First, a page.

We discuss some insider secrets to getting the most bang for your buck on your next cabinet purchase.
During our Choosing Cabinetry Series, we had this information as a miniseries, but we think it deserved to be in the spotlight. After all, being practical with your design choices, including budget, is what we are all about. We have tweaked a couple of things, add a few items, and combined the mini series into one so that it will be an easier read and reference. Make sure to check out the original series to better understand the construction terms that we will be using.
When choosing cabinetry for your next project, we know not everyone has the budget for the best made cabinet, so where will your dollars be best spent?
When you are looking at the construction of your cabinet box, usually full-plywood is better than furniture board and the thicker the boards, the better. But do you really need a full-plywood box? We recommend making sure to first look for those manufacturers who stand behind their cabinet with that limited lifetime warranty. It is a pretty good bet that if they are willing to replace the cabinet if it fails, that it is built to not fail under normal use. Once you have found a reputable manufacturer, it is okay to order their standard construction for the majority of your cabinets.
If you pay special attention to making sure that your cabinets are being installed correctly and that your plan allows for everything being properly supported, you shouldn’t have any problems with basic construction. For example, if you put a deep cabinet (usually 24″ deep) above your refrigerator, most manufacturers will not consider it to be properly supported unless you have a tall cabinet, panel, or wall in which the front frame can be secured on both sides. Not following the manufactures installation requirements could void that warranty should anything fail.
Splurge on the cabinets that matter. If you have a wall cabinet specifically to display great-grandma’s china, then that is worth the upgrade. Pay for that all-plywood box construction and throw in some decorative and supportive shelf brackets for good measure.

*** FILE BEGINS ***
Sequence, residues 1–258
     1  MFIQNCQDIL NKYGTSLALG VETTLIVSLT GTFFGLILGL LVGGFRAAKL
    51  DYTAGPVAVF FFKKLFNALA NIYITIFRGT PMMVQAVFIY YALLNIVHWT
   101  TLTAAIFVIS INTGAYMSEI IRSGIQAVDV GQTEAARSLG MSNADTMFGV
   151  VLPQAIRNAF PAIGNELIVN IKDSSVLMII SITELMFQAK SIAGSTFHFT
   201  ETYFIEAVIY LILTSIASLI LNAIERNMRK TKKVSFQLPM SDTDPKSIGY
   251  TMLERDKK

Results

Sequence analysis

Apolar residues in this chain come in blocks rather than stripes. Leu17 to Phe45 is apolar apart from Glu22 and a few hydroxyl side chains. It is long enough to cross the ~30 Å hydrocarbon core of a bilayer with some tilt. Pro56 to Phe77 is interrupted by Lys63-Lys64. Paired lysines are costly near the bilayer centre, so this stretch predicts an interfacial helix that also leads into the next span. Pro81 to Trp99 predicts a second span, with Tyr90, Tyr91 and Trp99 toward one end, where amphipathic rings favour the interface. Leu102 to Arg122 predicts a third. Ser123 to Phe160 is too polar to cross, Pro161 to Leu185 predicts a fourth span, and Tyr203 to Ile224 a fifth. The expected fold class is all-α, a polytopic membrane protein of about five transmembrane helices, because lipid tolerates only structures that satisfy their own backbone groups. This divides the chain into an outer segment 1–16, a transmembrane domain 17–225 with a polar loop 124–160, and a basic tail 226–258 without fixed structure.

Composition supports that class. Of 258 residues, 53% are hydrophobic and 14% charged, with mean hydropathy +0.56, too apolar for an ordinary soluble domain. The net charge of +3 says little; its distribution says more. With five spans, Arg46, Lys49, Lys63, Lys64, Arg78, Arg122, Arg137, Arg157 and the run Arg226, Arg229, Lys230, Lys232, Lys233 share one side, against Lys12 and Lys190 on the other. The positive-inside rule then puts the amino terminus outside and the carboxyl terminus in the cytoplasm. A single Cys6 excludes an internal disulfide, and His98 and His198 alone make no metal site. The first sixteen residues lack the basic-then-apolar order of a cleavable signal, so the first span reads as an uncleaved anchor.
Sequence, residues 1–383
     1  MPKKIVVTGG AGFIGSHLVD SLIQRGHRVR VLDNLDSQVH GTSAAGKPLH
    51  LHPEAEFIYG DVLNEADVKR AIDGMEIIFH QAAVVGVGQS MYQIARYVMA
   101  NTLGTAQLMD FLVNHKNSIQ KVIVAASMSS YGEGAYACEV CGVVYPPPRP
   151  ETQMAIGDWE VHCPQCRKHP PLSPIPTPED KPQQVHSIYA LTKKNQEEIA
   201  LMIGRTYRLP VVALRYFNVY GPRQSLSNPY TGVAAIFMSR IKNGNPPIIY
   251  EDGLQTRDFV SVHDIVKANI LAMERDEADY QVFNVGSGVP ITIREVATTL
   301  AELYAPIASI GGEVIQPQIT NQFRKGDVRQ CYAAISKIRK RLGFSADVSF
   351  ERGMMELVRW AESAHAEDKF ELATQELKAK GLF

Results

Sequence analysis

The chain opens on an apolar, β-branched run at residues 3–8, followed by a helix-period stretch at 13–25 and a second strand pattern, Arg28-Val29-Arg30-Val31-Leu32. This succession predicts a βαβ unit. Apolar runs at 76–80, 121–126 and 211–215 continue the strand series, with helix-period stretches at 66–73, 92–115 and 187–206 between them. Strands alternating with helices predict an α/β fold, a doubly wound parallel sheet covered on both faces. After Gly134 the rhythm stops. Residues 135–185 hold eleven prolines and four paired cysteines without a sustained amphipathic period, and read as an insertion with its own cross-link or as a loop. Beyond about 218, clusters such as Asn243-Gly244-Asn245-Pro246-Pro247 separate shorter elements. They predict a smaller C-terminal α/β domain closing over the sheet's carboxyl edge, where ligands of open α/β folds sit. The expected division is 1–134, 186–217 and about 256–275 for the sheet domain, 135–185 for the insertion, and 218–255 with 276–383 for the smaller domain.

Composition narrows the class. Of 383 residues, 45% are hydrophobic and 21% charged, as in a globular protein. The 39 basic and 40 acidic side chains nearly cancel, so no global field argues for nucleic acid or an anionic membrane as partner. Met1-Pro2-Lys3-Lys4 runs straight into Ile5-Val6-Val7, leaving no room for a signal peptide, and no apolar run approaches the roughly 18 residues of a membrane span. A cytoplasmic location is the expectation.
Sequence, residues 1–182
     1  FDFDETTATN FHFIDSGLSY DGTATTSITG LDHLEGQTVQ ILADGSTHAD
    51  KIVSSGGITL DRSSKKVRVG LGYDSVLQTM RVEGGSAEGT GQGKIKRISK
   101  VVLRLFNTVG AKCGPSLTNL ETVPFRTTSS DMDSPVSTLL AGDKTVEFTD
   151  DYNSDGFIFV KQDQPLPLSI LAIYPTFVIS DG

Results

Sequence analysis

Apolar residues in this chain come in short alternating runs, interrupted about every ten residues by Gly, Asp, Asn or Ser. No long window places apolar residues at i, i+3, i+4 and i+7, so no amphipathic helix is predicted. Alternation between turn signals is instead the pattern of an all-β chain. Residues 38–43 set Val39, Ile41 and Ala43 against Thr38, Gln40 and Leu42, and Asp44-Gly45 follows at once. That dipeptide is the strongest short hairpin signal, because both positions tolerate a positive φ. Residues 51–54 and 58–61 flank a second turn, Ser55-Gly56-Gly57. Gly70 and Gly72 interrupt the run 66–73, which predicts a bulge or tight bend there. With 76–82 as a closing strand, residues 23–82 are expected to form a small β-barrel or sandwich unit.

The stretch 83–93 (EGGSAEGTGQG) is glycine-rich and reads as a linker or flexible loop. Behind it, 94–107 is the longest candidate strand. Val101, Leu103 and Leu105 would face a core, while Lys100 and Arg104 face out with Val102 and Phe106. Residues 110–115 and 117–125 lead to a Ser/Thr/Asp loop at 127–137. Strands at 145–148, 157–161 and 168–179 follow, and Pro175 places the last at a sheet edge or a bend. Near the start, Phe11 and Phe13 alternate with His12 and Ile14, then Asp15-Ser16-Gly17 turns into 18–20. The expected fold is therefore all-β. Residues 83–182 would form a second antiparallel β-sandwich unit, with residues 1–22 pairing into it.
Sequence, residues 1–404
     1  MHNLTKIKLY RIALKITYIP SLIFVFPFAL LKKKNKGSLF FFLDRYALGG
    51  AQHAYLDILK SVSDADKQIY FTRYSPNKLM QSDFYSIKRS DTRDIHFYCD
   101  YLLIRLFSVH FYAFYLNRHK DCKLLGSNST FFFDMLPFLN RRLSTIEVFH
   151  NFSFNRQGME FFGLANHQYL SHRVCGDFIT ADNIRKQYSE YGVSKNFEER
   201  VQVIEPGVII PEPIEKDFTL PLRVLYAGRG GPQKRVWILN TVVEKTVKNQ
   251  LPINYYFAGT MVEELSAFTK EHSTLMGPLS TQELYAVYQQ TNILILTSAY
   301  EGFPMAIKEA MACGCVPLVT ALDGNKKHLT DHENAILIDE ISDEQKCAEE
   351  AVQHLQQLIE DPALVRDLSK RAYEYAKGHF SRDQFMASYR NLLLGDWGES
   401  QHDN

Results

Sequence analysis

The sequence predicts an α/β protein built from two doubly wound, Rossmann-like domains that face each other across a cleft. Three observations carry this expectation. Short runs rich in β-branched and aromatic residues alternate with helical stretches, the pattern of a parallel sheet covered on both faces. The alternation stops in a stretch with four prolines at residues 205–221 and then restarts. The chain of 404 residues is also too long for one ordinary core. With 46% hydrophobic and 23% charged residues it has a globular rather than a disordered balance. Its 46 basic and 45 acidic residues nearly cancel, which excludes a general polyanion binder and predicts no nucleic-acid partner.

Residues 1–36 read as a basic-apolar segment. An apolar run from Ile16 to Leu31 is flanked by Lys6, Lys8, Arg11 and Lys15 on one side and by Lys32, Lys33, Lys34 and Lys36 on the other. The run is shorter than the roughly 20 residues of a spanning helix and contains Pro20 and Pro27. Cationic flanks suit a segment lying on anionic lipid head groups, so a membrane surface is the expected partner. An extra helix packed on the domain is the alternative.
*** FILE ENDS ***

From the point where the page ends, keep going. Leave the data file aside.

We speak a little more about this when covering cabinet finishes, but it may be a good idea, if it is in the budget, to upgrade any sides that will be seen to the flush furniture plywood construction. This will make your side a wood veneer, in most cases, so that it will age the same as your cabinet fronts. It will also make your side even with your face frame, as we discussed during framed cabinet construction, to make installing moldings easier. Save the money by leaving the sides of the cabinets you are never going to see standard construction.
As far as drawer boxes, shelves, drawer glides, and hinges go, this is where you want your budget dollars to go. They take the brunt of the weight and wear and tear on a daily basis. Splurge a little on the higher quality, especially if your warranty is not limited lifetime.
- How Not to Blow Your Budget on Cabinets- The Tricks to Stretching Your Money
- How Practical Are Today’s Bathroom Trends?
- A Practical Survival Guide for Your Kitchen Remodel
- Why You Shouldn’t Wait to Make Your Home More Accessible
- Choosing Cabinetry Part 4: Finish Options
Use the Overlap in Cabinet Lines to Your Advantage
When working with the large cabinet manufacturers, most of them produce at least one, and sometimes several, different lines in each cabinet classification category. They are often trying to compete against one another to make the best cabinet at a given price point so that you will choose them over the other vendor. This is especially true in a big box store, where manufacturers display their offerings side-by-side.